Electricity Usage Chart AGL

Average usage as shown on our AGL electricity bill at work

If you have a gas bill, look for the same number reported in mega-joules per day (MJ/day). Be sure to look across an entire year as gas usage is often much higher in winter.

AGL gas bill

Energy usage as shown on our AGL gas bill at home (gas stove & oven only).

3) Energy Bill Start & End Dates

Next, note down the period of time that each bill covers. This allows you to identify any seasonal variations in energy usage.

Here are some questions to ask as you review some recent bills:

  • Is usage higher or lower than average in Winter, and if so, by how much does it vary?
  • What might have caused these seasonal variations?
  • Is usage going up or down year-on-year? (note the "same time last year" section in the above charts)
  • Is your business closed for a few weeks over Christmas? Do you go away for few weeks and leave your home vacant? Do your bills go down accordingly at these times?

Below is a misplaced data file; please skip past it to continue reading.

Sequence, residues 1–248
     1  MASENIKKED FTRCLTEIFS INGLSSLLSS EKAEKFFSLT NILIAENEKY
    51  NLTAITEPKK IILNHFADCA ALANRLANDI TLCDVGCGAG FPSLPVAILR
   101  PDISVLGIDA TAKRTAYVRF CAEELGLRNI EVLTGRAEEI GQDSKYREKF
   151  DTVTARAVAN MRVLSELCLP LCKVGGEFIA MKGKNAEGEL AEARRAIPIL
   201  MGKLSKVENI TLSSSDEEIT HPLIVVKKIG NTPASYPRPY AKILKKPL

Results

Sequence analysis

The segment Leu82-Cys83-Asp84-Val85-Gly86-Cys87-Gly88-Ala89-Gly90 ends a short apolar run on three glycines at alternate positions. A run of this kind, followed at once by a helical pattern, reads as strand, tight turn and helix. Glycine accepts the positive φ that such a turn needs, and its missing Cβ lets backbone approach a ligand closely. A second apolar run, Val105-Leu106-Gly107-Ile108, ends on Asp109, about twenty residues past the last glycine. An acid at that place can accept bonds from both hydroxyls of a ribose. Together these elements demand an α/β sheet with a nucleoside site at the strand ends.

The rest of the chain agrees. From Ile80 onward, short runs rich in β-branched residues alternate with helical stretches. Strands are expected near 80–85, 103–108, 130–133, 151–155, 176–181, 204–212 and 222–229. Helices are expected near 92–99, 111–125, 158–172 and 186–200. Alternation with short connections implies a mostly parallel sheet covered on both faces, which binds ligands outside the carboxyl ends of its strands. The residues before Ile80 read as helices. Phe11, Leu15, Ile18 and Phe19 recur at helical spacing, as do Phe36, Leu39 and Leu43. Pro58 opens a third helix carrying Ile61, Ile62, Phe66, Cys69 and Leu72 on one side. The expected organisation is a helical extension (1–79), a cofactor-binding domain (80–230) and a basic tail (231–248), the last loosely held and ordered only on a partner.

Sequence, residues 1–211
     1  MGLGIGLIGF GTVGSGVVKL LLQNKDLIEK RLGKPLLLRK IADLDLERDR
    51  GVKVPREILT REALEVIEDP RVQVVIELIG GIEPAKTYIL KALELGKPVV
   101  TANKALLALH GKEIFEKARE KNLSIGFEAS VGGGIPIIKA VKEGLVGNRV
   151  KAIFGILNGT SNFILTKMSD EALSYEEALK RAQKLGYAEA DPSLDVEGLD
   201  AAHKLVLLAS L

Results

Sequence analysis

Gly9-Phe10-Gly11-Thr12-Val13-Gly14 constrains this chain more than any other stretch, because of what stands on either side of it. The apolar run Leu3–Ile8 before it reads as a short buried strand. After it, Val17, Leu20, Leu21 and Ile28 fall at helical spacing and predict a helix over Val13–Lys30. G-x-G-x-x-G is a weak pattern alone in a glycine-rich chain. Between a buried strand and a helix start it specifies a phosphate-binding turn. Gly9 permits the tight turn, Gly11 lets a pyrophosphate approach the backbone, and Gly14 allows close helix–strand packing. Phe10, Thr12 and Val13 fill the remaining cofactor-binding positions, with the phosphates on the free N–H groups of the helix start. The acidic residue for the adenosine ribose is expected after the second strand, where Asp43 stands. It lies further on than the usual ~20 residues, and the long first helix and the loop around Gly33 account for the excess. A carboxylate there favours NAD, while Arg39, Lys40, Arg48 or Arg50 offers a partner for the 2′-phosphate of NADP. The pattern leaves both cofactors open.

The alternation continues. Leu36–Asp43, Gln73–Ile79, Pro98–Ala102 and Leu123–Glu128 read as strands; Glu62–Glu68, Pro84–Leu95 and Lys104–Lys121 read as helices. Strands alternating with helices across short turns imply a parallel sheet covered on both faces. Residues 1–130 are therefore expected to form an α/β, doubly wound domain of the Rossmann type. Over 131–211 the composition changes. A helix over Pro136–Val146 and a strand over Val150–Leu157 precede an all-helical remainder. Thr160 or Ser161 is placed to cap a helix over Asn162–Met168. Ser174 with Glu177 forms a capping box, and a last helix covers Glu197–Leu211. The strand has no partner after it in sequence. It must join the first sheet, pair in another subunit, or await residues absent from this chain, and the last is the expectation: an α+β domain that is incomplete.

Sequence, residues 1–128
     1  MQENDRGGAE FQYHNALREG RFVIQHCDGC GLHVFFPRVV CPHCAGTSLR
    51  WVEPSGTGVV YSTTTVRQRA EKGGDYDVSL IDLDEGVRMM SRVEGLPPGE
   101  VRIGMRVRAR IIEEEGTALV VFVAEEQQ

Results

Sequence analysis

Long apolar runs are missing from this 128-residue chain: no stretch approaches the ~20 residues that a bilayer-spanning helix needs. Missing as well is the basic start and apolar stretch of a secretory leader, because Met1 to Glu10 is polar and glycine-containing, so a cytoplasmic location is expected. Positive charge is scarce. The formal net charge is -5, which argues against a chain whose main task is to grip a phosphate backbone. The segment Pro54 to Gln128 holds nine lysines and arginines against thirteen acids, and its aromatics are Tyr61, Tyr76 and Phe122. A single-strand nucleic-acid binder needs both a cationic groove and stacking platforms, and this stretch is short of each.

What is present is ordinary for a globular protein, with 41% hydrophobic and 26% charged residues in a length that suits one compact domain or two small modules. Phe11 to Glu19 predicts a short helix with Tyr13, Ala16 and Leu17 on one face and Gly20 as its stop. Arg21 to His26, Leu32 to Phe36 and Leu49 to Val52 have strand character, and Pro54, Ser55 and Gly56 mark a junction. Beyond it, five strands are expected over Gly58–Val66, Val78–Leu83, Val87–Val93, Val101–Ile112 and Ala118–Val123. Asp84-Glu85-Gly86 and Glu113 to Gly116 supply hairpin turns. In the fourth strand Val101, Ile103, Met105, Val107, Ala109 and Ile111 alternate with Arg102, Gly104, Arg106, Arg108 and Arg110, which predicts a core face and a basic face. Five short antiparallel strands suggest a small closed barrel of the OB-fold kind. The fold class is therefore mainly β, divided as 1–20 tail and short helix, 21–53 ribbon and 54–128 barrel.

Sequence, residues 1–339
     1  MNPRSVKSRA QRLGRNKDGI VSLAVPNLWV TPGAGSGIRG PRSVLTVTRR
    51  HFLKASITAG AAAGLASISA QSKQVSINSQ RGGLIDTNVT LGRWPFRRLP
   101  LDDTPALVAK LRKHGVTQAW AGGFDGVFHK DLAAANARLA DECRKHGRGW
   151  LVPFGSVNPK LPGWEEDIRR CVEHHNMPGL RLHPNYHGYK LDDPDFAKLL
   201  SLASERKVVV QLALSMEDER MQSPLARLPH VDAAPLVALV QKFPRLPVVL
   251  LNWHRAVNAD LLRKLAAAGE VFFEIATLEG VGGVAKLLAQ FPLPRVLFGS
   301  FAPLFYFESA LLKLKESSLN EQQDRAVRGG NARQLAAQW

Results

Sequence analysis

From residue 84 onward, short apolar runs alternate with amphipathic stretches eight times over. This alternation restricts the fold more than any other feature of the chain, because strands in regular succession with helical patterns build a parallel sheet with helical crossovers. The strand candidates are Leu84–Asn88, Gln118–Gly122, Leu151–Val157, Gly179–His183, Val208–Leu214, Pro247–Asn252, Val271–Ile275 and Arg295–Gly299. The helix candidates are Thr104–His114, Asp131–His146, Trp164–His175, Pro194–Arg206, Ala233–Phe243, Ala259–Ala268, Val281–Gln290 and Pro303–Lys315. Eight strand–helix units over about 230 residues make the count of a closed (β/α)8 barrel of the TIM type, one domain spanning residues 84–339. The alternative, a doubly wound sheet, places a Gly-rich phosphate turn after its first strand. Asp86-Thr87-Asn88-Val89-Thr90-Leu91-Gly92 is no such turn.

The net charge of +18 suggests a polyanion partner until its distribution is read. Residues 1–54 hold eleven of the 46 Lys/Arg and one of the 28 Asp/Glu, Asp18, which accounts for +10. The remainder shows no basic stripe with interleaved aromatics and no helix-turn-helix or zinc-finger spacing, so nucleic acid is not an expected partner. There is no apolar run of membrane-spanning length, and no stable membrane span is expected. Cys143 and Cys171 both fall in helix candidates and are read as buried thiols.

4) Meter Reading Details

Look out for Estimated ('E') rather than Actual ('A') meter reads.

Estimated readings occur when the energy company cannot gain access to the property or if there is another problem. Estimated reads are pretty much useless, so do not depend on estimated bills for an accurate indication of your usage. You would be better off taking your own meter reading to see where you stand.

Business Electricity Bill Details

Meter reading and tariff details on an electricity bill.

You will find similar details to the above on your gas bill. On a gas bill the meter reading is often made in cubic metres. This number is then multiplied by an energy content value (around 38MJ/m3) and a conversion factor (which varies depending on your location), to give you a final number in MJ.

Household gas bill

Meter reading and conversions on a gas bill.

5) Tariff Structure

Quarterly Electricity Bills